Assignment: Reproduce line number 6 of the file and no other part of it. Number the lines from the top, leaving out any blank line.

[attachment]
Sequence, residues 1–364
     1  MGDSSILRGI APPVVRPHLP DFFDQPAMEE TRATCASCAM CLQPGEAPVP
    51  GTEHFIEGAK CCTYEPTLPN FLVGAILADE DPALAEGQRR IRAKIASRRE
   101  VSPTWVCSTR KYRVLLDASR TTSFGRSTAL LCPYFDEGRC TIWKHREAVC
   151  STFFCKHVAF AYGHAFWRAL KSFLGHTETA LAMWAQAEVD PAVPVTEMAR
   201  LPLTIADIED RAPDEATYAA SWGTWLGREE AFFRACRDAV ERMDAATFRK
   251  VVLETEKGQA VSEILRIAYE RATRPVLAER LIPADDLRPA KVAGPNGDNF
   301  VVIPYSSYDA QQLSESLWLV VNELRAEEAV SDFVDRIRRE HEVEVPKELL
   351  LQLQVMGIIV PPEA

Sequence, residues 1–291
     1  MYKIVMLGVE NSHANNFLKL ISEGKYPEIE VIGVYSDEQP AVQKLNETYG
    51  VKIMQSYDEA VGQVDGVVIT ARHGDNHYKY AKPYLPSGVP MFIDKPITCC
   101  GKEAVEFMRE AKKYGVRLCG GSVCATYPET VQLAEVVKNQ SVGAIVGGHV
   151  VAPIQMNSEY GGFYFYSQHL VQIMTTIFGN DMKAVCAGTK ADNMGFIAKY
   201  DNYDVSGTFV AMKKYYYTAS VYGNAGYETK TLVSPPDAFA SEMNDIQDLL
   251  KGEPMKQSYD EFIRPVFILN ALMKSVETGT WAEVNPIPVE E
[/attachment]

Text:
   201  LPLTIADIED RAPDEATYAA SWGTWLGREE AFFRACRDAV ERMDAATFRK